The brace ran Wondolowski’s international goals mark to eight, all of which have come since July 2013. After going scoreless in his first nine international appearances, Wondolowski has quickly shed a reputation for being unable to find goal at international level. Having built on the totals he amassed at last summer’s Gold Cup, questions now shift to whether the 2012 MLS MVP can score against high-level international competition. With two goals against a World Cup qualifier, “Wondo” made his best argument yet.

Over the match’s final half hour, neither Rimando nor Jung were meaningfully tested, with a late cross into the U.S.’s six-yard box the closest either team came to changing the 2-0 score. Instead, the biggest news of the match’s final moments was the debut of two U.S. hopes for the future. In the 75th minute, Seattle DeAndre Yedlin collected his first cap, replacing teammate Brad Evans. He was accompanied onto the field by Luis Gil, also making his first senior level appearance for the United States.

Lineups

United States: Nick Rimando; Brad Evans (DeAndre Yedlin 75′), Omar Gonzalez, Matt Besler (Clarence Goodson 62′), Michael Parkhurst; Kyle Beckerman Mix Diskerud (Benny Feilhaber 62′); Graham Zusi, Landon Donovan, Brad Davis (Luis Gil 75′); Chris Wondolowski (Eddie Johnson 62′)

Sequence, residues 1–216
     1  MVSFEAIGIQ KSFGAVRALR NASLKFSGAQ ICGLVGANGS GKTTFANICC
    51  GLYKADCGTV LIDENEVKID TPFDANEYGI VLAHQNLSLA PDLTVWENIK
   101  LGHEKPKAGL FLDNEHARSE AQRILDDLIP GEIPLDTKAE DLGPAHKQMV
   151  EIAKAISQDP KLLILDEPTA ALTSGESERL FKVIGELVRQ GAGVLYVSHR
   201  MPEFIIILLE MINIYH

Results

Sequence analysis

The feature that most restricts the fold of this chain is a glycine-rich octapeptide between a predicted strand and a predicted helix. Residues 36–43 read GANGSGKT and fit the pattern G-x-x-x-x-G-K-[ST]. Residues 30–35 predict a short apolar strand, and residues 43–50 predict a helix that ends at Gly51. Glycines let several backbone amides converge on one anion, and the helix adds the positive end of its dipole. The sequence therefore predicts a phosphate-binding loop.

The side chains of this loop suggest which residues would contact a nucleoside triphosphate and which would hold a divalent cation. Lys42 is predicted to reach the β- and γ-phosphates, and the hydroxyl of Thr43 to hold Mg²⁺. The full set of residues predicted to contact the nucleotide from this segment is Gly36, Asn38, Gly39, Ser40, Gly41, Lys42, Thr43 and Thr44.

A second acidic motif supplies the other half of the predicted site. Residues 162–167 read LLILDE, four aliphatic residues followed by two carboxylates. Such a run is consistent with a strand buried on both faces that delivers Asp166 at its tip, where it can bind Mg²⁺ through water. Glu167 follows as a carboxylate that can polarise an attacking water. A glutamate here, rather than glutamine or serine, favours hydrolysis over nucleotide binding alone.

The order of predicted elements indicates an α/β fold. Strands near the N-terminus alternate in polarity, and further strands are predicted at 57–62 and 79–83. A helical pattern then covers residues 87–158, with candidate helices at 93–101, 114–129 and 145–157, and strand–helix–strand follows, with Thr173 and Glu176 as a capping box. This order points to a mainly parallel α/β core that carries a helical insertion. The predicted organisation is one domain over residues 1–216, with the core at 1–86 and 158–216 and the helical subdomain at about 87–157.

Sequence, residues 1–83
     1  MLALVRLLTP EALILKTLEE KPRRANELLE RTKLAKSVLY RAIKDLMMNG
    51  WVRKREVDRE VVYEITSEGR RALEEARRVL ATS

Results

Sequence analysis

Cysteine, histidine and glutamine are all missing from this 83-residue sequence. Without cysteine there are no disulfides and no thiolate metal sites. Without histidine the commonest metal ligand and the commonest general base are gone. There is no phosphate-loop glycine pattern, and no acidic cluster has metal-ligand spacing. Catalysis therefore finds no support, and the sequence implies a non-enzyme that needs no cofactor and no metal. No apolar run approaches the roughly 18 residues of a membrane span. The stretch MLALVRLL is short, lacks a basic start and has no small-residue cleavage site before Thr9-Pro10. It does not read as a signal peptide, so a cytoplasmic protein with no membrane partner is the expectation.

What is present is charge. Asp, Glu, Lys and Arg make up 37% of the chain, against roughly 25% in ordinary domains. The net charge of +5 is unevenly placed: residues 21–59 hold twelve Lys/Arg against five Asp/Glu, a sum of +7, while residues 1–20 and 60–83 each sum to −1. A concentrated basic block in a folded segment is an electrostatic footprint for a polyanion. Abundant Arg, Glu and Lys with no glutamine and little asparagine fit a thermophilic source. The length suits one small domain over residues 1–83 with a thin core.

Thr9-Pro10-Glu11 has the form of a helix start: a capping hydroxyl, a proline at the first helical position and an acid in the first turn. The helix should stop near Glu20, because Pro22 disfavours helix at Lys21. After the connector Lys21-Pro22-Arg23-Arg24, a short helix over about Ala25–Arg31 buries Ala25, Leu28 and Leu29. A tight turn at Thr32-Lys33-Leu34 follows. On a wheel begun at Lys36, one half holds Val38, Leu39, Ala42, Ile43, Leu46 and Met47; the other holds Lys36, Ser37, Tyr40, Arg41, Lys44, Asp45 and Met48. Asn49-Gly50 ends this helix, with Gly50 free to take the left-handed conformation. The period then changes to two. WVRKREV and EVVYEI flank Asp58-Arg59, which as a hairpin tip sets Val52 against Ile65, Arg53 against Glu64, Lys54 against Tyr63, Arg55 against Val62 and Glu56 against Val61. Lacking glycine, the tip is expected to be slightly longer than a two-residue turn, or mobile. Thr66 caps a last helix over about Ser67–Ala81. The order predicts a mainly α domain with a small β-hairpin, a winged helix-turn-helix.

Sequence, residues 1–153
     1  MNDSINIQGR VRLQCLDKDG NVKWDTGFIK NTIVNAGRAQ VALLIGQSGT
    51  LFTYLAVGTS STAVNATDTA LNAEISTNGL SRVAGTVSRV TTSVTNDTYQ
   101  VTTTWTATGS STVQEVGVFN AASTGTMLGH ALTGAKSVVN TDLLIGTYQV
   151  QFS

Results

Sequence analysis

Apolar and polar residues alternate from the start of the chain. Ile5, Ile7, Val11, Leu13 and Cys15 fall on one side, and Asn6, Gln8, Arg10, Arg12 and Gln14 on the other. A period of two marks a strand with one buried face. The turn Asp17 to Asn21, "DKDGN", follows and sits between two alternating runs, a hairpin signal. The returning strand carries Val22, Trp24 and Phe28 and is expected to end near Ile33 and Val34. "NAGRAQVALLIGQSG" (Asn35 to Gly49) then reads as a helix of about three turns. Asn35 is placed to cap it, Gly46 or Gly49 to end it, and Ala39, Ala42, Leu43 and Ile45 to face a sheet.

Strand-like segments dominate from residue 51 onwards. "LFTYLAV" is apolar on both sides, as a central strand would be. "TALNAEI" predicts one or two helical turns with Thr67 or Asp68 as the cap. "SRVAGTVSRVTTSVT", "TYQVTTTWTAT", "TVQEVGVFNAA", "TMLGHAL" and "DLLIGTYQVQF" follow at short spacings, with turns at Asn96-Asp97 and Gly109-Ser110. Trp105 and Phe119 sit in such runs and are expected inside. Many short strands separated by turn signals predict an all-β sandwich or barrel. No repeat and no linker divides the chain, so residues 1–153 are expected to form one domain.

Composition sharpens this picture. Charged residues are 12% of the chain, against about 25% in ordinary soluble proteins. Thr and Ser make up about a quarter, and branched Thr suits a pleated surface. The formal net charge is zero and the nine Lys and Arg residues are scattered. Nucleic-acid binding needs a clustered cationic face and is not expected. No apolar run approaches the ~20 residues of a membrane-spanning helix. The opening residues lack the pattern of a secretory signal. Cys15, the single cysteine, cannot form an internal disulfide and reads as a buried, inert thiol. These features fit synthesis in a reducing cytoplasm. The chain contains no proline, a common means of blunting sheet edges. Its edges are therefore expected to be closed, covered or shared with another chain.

Goals: Wondolowski (4′, 60′)

South Korea: Jung Syung-Ryong; Kim Jin-Su (Tae-Hwan Kim 78′), Kim Yo-Young, Kim Kee-Hee, Lee Ho (Lee Seung-Ki 69′); Park Jong-Woo, Kim Min-Woo, Ko Yo-Han; Lee Keun-Ho (Seung-Ki Lee 69′), Kim Shin-Wook

Barry Bennell jailed 30 years for abusing young players

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LIVERPOOL, England (AP) A former English youth soccer coach was jailed Monday for 30 years for abusing 12 young footballers after the judge called him the “devil incarnate.”

Barry Bennell, a former coach at Crewe and scout for Manchester City, was convicted at Liverpool Crown Court of 50 child sexual offenses committed between 1979 and 1991.